227       TABLE ACCESS   GOAL: ANALYZED (BY LOCAL INDEX ROWID) OF 
                  'CDR_DATA' PARTITION:KEYKEY
    227        INDEX   GOAL: ANALYZED (UNIQUE SCAN) OF 'CDR_DATA_PK' 
                   (UNIQUE) PARTITION:KEYKEY
    227     PARTITION LIST (ITERATOR) PARTITION:KEYKEY
    227      TABLE ACCESS   GOAL: ANALYZED (BY LOCAL INDEX ROWID) OF 
                 'FILE_STATUS' PARTITION:KEYKEY
    227       INDEX   GOAL: ANALYZED (UNIQUE SCAN) OF 'FILE_STATUS_PK' 
                  (UNIQUE) PARTITION:KEYKEY


Elapsed times include waiting on following events:
  Event waited on                             Times   Max. Wait  Total Waited
  ----------------------------------------   Waited  ----------  ------------
  db file sequential read                     29727        0.33        342.86
  SQL*Net message to client                      50        0.00          0.00
  SQL*Net more data to client                   578        0.00          0.10
  SQL*Net message from client                    50        0.53          6.95
  latch free                                     18        0.00          0.01
  buffer busy waits                               1        0.00          0.00
********************************************************************************


Thanks
Tom Kyte
January 09, 2008 - 7:15 am UTC

... If I move this table to 8K block size will there be any performance gain in terms of physical read
...

it could be that a smaller blocksize will slightly decrease the IO times since

a) you'll be reading 50% the data on each physical IO.

b) you might be caching blocks more efficiently- depending on how your data is physically spread out in the table - you might be caching 16k right now to cache a single row. (eg: you get 500 rows per block, but your query invocation only cares about 1 of them, you've put 499 rows into the cache that your query doesn't need - you likely bumped another block out of the cache - one that might have rows you will need in a millisecond - and that block will have to be read again)


it could be that a smaller blocksize will slightly increase the IO times since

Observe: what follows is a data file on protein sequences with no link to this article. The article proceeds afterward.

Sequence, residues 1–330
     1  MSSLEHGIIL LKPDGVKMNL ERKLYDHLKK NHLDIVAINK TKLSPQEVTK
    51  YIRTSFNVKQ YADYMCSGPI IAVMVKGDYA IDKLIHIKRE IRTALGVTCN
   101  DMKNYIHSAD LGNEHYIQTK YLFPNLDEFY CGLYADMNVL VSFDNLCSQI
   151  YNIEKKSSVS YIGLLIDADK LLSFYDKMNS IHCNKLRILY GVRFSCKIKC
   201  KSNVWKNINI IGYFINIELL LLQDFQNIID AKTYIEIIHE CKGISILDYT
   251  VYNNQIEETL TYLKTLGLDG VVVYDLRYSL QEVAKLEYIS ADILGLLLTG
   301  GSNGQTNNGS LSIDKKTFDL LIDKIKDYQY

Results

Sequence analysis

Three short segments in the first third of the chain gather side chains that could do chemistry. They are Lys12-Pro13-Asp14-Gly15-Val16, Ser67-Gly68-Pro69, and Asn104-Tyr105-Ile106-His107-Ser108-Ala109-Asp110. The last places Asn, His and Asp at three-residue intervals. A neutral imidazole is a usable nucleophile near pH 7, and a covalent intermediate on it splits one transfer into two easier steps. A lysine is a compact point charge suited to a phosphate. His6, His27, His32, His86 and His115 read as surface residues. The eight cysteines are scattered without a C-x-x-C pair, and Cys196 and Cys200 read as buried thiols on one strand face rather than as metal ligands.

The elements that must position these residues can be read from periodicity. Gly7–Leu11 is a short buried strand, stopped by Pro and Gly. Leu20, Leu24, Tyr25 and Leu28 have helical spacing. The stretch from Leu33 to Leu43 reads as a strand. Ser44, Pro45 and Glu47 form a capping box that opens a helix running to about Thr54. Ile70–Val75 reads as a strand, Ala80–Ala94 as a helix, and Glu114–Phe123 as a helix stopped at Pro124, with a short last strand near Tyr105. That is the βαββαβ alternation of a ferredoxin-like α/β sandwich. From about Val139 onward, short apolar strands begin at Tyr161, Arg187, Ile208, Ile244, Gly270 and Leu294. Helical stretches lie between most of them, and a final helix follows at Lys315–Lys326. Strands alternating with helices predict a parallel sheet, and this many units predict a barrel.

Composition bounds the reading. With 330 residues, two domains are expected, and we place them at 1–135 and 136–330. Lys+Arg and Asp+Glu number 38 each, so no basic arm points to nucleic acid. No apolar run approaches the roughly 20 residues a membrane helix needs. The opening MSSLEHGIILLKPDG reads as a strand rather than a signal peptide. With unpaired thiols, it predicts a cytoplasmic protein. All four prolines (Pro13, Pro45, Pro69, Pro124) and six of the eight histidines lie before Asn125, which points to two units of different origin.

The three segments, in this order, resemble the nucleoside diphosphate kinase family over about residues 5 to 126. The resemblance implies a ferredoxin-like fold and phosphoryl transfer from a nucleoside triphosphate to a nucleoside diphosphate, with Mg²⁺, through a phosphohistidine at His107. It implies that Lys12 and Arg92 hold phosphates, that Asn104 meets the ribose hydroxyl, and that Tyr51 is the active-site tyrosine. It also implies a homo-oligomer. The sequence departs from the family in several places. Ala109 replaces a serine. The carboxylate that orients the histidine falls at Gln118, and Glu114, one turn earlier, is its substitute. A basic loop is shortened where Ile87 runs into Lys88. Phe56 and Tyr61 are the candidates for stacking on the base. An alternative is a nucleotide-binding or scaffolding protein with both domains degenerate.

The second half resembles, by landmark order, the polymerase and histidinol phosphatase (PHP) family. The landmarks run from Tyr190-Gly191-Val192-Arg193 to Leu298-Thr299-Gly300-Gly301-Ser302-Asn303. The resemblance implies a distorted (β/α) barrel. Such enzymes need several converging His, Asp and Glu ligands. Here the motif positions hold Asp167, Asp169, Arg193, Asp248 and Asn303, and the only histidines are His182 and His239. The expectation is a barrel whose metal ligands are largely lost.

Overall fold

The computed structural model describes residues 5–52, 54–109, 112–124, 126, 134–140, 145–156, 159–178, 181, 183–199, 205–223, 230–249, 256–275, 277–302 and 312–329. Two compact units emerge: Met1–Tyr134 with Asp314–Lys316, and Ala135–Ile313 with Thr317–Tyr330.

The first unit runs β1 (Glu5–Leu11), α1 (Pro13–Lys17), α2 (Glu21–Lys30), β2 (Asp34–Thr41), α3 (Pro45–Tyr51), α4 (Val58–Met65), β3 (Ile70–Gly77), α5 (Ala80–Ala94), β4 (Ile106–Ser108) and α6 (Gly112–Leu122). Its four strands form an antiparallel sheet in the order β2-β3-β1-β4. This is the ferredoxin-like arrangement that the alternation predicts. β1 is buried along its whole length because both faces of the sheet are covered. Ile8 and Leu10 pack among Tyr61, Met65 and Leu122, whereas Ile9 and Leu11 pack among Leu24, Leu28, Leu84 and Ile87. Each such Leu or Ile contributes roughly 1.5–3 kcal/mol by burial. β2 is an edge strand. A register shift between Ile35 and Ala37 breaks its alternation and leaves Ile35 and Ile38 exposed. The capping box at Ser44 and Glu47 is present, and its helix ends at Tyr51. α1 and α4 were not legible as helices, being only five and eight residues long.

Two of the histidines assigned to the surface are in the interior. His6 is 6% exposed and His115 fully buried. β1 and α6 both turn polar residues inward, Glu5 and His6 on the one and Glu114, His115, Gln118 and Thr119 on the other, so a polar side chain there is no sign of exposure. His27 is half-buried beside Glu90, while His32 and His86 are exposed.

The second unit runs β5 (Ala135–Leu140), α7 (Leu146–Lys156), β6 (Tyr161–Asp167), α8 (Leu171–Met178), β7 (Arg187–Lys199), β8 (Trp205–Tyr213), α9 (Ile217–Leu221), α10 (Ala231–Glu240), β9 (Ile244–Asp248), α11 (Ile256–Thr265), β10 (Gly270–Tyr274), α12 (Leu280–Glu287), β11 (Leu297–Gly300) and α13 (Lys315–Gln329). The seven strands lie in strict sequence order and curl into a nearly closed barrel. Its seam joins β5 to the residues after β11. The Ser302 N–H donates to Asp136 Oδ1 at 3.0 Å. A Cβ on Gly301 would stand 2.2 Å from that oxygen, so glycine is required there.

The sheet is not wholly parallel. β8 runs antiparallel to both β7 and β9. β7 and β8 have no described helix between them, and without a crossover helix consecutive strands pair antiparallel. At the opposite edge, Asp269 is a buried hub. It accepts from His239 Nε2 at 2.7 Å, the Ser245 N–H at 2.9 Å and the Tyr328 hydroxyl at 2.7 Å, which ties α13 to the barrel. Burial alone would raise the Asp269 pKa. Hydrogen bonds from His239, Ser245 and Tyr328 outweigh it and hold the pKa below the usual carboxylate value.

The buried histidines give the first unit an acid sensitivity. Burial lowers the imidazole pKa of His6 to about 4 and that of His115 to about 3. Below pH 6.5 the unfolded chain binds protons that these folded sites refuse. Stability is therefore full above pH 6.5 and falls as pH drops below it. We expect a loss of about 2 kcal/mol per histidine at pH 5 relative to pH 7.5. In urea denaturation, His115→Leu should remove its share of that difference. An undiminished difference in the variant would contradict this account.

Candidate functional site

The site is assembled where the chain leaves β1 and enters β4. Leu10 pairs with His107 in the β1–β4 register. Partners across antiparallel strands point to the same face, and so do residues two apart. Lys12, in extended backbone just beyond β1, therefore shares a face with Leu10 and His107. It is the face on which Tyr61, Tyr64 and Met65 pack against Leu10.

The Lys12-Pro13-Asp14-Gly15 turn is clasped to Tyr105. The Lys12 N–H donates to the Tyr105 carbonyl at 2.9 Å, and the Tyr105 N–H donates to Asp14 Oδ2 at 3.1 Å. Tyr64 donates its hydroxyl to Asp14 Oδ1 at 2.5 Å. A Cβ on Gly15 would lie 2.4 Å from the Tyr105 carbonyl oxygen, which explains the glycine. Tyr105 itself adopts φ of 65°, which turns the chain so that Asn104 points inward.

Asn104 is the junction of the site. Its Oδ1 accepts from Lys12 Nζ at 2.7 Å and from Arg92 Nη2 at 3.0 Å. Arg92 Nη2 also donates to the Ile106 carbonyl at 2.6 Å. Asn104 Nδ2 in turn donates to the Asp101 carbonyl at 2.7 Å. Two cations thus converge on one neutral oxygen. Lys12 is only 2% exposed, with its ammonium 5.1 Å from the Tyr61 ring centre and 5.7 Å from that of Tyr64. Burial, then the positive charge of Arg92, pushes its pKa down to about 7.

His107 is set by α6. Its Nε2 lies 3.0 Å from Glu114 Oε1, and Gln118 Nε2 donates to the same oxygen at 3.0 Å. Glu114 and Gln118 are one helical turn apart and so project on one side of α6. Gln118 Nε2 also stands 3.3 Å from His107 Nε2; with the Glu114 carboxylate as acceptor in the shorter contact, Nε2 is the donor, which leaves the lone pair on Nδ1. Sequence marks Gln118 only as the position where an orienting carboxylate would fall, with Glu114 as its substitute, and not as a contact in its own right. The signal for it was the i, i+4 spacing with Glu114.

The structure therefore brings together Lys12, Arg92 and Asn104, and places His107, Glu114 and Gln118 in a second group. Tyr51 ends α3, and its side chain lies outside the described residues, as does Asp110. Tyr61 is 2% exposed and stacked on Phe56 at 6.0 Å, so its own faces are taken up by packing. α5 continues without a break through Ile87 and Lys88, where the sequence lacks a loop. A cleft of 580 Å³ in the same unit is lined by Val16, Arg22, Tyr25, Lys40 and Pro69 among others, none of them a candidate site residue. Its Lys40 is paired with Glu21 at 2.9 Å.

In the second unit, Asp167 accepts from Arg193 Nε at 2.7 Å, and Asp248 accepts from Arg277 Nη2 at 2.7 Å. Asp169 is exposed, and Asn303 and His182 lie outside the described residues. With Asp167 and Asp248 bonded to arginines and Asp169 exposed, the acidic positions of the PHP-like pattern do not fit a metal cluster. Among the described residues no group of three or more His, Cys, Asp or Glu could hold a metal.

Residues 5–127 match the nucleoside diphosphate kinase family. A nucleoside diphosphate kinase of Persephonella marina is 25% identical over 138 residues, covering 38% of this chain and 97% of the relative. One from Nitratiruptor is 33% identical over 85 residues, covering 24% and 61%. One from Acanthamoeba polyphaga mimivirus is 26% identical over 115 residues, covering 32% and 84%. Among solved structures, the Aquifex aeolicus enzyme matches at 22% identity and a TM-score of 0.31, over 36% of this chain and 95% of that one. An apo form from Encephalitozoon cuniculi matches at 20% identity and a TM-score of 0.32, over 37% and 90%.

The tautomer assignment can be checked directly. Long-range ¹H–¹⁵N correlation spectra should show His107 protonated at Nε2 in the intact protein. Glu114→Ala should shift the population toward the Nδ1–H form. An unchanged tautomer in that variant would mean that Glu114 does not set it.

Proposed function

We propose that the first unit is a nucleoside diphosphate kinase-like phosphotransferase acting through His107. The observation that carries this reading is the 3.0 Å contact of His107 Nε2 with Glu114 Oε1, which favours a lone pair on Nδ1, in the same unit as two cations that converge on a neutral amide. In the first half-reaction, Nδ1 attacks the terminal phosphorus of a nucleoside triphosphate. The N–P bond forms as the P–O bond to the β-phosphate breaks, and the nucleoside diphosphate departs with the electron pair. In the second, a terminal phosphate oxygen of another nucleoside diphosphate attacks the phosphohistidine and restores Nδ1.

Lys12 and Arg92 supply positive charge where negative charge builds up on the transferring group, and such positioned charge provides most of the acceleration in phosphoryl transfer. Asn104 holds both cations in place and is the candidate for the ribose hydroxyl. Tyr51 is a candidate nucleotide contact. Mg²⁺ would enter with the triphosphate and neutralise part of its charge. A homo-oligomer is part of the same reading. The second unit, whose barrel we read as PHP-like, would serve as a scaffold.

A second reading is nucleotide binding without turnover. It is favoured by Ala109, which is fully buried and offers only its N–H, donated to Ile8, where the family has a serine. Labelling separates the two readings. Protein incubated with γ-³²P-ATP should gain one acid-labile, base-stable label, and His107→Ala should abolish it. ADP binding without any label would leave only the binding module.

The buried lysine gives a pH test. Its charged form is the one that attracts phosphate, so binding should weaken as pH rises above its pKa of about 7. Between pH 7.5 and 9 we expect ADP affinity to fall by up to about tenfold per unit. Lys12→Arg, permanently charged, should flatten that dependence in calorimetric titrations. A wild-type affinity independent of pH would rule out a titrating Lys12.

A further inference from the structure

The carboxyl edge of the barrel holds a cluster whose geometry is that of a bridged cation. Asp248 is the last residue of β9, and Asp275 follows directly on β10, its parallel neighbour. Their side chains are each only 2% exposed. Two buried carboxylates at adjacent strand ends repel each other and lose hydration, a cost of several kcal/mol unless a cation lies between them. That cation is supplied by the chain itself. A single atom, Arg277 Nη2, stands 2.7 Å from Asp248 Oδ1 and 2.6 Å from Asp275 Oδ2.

a) you'll be making two times the number of physical IO calls, adding the overhead of the IO call twice - and only reading 1/2 of the data each time.



Excellent!!!

Laxman Bage, January 09, 2008 - 7:40 am UTC

Thanks a lot TOM for a rapid response.
Looks like a double edge sword!!!
Your answer really confused me.
There is one more motivation behind moving the table to 8K block. This table is accessed by online application (only read) as well and I can see huge no. of "Buffer Busy Waits" in V$SEGMENT_STATISTICS against this table and associated indexes.
We have added another 4GB of memory against Buffer Cache 16K to make it 8GB.
Will check the performance in next bill run.
Once again thanks for your valuable time.


Tom Kyte
January 09, 2008 - 8:12 am UTC

my answer should fill you with doubt that there is a magic silver bullet (like using multiple block sizes)

one of three things will happen when you make any change:

a) it'll go faster
b) it'll not go faster nor slower
c) it'll go slower


any of the three outcomes are possible - every single time.


The buffer busy waits are due to the IO typically and in this case seem inconsequential. (I don't care about a huge number of times waited on something, if the aggregate time spent waiting for it is small). I don't see large numbers here at all.

99% of all performance gains are to be had by analyzing how the application accesses data and making that access more efficient (eg: review the algorithms, I care not if this is 'legacy' code - ALL CODE is legacy code the millisecond it goes production).

Moving files, adding memory, faster cpus - shots in the dark, hoping that something might give you a 1% return on investment....

thks..

Laxman Bage, January 09, 2008 - 10:25 am UTC

Thanks a lot!!!
The project is very new to me, the 16K Buffer Cache was implemented by the earlier project members. As per them the 16K buffer cache was used for buffer segregation. However, I am unable to see any benefit of using 16K BC.
I am convinced that there is need of algorithm review and conveying this message to the legacy team is going to be big challenge.

This is a great website. Your books "Expert One-on-One" and "Effective Oracle by Design" are very helpful.

Regards,